My Three Sons

Season 2 Episode 8

The Ugly Duckling

Aired Unknown Nov 23, 1961 on ABC



  • Trivia

  • Quotes

  • Notes

    • According to the storyline, Robbie's study partner comes from Sweden but originally hailed from the state of Texas.

    • The music for this episode was scored by Jeff Alexander, although the official DVD of this episode has had the original music replaced with synthesizer music.  As this original music is just that (and not from the Capitol records library) it should not have been removed.

    • Robbie's poetry recitation is indeed of a real poem by Rudyard Kipling (1865-1936), who made a significant contribution to English Literature in various genres including poetry, short story and novel. It is titled 'The New Knighthood' and although I would have a hard time fathoming how to explain it, the complete text is offered here for your enjoyment:

      Who gives him the Bath?
      "I," said the wet,
      "I'll give him the Bath!"

      Who'll sing the psalms?
      "We," said the Palms.
      "Ere the hot wind becalms,
      We'll sing the psalms."

      Who lays on the sword ?
      "I," said the Sun,
      Before he has done,
      "I'll lay on the sword."

      "Who fastens his belt?
      "I," said Short-Rations,
      "I know all the fashions
      of tightening a belt!"

      Who gives him his spur?
      "I," said his Chief,
      Exacting and brief,
      "I'll give him the spur."

      Who'll shake his hand?
      "I," said the Fever,
      "And I'm no deceiver,
      I'll shake his hand."

      Who brings him the wine?
      "I," said Quinine,
      "It's a habit of mine.
      I'll come with his wine."

      Who'll put him to proof?
      "I," said All Earth.
      "Whatever he's worth,
      I'll put to the proof."

      Who'll choose him for Knight?
      "I," said his Mother,
      "Before any other,
      My very own Knight."

      And after this fashion, adventure to seek,
      Sir Galahad made--as it might be last week!

    • Sorensen and Dunlap are credited as Ron and Bob on the end credits.

    • The Charlie Willard character is listed in the end credits as "Charlie Williams". The discrepancy may have to do with the fact that the character is listed as "Williams" in the original draft of the script, but was for some reason changed later. You might also like to know that the student names that are paired off for assignments and read out by the teacher are exactly as written in the original script.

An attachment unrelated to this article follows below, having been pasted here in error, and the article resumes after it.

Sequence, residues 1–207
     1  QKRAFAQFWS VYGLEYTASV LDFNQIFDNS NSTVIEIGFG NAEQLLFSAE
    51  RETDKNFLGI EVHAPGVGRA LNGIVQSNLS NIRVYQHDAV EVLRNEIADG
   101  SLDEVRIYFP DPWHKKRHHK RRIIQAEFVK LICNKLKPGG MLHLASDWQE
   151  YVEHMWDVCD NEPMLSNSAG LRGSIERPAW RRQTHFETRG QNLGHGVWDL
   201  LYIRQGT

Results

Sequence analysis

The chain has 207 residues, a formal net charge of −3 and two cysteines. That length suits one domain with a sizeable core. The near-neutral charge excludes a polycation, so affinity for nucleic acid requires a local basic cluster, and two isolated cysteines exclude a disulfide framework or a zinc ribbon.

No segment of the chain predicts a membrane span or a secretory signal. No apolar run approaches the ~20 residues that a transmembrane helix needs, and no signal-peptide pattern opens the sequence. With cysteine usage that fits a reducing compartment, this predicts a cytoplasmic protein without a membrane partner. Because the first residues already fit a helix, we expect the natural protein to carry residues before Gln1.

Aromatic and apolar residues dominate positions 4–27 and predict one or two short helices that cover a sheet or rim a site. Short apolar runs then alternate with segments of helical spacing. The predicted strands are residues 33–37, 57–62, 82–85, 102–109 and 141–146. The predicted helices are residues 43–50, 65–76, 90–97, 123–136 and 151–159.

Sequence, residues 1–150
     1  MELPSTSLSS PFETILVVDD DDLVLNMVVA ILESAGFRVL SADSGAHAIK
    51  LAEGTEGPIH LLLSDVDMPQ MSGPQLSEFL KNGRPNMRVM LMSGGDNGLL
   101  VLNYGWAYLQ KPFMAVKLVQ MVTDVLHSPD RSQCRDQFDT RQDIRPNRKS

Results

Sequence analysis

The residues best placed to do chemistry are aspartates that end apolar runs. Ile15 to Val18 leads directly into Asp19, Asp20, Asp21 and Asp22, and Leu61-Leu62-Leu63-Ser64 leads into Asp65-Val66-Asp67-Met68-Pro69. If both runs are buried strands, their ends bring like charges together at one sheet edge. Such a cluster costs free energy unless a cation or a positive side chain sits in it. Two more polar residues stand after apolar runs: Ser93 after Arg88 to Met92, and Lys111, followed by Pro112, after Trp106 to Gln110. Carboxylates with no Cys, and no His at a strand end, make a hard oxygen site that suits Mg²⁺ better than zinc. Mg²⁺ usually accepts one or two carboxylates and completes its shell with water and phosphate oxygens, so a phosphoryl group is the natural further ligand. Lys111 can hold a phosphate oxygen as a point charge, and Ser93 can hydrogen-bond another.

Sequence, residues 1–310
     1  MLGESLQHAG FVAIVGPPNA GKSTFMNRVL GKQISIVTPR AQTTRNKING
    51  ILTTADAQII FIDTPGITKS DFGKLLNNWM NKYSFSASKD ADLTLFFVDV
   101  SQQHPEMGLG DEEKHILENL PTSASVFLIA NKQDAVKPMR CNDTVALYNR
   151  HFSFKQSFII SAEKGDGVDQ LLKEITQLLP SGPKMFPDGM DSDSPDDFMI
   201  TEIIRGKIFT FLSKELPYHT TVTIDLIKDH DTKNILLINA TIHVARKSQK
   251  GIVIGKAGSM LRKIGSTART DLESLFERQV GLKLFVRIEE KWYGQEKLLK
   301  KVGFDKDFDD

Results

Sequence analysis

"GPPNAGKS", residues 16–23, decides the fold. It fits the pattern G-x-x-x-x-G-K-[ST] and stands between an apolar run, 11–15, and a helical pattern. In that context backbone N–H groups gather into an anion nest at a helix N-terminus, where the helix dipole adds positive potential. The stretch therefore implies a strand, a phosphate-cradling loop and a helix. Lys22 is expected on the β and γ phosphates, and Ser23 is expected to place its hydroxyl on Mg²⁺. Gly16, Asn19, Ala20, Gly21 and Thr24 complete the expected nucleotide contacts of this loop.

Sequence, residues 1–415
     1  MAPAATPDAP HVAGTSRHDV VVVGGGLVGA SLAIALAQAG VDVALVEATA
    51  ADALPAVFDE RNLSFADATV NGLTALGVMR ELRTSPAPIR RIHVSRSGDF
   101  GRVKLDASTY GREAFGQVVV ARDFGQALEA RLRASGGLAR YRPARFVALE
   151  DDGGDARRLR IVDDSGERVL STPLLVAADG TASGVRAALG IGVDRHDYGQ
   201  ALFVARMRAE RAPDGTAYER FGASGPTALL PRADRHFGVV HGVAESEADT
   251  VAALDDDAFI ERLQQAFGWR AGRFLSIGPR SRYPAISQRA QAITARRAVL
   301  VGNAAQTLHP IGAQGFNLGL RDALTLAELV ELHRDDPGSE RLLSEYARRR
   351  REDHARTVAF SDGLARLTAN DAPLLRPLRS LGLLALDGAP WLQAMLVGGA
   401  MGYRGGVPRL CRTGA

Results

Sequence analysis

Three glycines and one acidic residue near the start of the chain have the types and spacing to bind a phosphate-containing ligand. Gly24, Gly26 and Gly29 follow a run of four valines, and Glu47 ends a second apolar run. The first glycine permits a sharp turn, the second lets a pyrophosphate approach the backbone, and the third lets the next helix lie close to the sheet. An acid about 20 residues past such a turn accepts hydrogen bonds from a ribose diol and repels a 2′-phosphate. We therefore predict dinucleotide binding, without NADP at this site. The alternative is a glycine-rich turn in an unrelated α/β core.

• Jack Stermer is uncredited as one of the school students named Tommy Horn. (Jack also appears in Episode # 62 but for that one he was credited). He kindly sent me a copy of his shooting script for this episode. The 38-page draft for "The Ugly Duckling" (Production # 5272-0046) was originally dated March 3, 1961 but the copy Jack passed on to me was a first revision script dated June 6, 1961. The final revised script in the Don Fedderson Archives at UCLA is dated June 15, 1961. The script I have contains additional scenes, key dialogue and bits of stage business that didn't make the eventual aired version. The episode began filming on August 28, 1961 which was almost three months before its ABC Airdate. Back then all of 16 years old, today Jack has been happily married to his wife Kathy for many years and they have two daughters, Kate and Megan and are now proud grandparents (of Jackson) as well!

    • Jack was also gracious enough to send me a photocopy of his Hollywood Form 27 - The standard "Actors Single Picture Television Motion Picture Contract for Three Day Employment or Weekly Employment" (Dated August 25, 1961). This fascinating historical document signed by Associate Producer Fred Henry on behalf of Don Fedderson Productions,
      has eighteen (count 'em!) clauses of employment. The last stipulation is interesting and reveals the audacity of production companies back in the 1960s. In part it states that "If given screen credit, it shall be given under the following name (Insert here)". But the fine print also states that the Producer shall not be liable for inadvertent failure to give Player credit. In fact it then goes on to state emphatically that the Producer shall not be liable to give due credit at all! One wonders how much contracts for day players have changed since the period in which the show was made, and what the Screen Actors Guild now dictates regarding on-screen crediting.

  • Allusions